Psycho-Babble Medication | about biological treatments | Framed
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Re: provigil discussion

Posted by tessellated on February 25, 2006, at 20:15:32

In reply to Re: provigil discussion, posted by zeugma on February 25, 2006, at 17:42:12

cool refs, like this serious kinda info.
now are alpha-2 sites presynaptic autoreceptors?
i did not believe this to be the case.
lemme spend time on the refs many thanks,

ps: antagonizing a presynaptic autoreceptor can result in an increase of NE release. as they modulate NE production; and can infact inhibit NE release/production if agonists/excess NE are present. An antagonist can have post synaptic agonistic affect. Get it? Stimulation can cause inhibition and vice versa.. It's freaking complex....

> I have to agree with SLS, Provigil is not an alpha-2 antagonist (antagonist of pre-synaptic NE autoreceptors). If that were the case then depleting an animal of norepinephrine would result in a loss of its effect (similar to the way depleting an individual whose depression has remitted on desipramine results in a relapse), but this seems not to be the case.
> On the other hand, animals that lacked dopamine transporters experienced no stimulating effect from either methamphetamine or Provigil, indicating that DA reuptake inhibition is involved. These animals were hypersensitive to caffeine, so it's safe to say that caffeine and Provigil do not share the same mechanisms.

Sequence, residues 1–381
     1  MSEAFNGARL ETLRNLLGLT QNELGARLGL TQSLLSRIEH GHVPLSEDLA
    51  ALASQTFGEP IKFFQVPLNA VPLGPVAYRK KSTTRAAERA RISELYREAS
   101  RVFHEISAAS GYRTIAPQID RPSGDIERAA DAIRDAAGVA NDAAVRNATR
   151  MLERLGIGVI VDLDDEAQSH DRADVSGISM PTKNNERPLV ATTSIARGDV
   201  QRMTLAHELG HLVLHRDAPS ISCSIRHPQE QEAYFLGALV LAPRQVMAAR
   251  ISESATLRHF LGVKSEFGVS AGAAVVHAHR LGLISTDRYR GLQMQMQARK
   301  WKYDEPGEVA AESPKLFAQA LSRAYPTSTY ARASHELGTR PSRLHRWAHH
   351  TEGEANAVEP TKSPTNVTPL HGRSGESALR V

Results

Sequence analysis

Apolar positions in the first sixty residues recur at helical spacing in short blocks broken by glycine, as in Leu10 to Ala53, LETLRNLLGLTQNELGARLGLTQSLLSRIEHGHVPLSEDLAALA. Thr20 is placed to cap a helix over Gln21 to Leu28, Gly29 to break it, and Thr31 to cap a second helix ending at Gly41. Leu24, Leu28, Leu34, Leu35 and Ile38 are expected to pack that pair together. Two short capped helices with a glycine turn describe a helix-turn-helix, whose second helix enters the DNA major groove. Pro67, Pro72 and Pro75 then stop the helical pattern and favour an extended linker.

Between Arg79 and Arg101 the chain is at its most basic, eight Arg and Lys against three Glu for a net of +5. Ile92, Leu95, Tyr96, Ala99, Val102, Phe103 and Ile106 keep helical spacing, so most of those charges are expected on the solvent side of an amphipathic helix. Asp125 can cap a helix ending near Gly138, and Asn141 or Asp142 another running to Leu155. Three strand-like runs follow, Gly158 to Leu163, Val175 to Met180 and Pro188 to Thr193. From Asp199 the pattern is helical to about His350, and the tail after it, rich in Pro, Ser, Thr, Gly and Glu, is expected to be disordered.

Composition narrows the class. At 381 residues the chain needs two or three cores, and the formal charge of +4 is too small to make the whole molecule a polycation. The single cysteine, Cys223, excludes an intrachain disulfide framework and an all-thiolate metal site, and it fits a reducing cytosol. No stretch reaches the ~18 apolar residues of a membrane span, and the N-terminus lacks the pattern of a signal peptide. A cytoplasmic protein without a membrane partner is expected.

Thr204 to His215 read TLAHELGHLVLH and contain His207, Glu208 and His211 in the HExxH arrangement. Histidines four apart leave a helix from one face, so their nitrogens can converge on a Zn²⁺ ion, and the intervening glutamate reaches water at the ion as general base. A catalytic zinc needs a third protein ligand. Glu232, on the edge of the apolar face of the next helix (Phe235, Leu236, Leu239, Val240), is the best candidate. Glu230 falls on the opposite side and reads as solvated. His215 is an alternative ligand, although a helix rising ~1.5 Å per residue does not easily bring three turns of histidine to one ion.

> An experiment was also conducted in which Provigil's effect on the ventrolateral proptic nucleus (a major site of sleep regulation) and apparently Provigil blocked the NE transporters in that region:
> If Provigil does act as an NE transport blocker it must be extremely localized, because every other NE transport blocker inhibits cataplexy, and Provigil does not do so at all.
> The author who comments on the study I cited above theorizes that the combination of weak DA reuptake inhibition, and localized NE reuptake inhibition, may combine to produce its wakefulness effect. Provigil does release orexin, but it has no direct effect on that system (i.e. it is not a ligand for a known orexin receptor). Its effect on GABA inhibition is also well documented:
> These effects on GABA and norepinephrine are extremely localized and peculiar, at they seem so to me.
> -z




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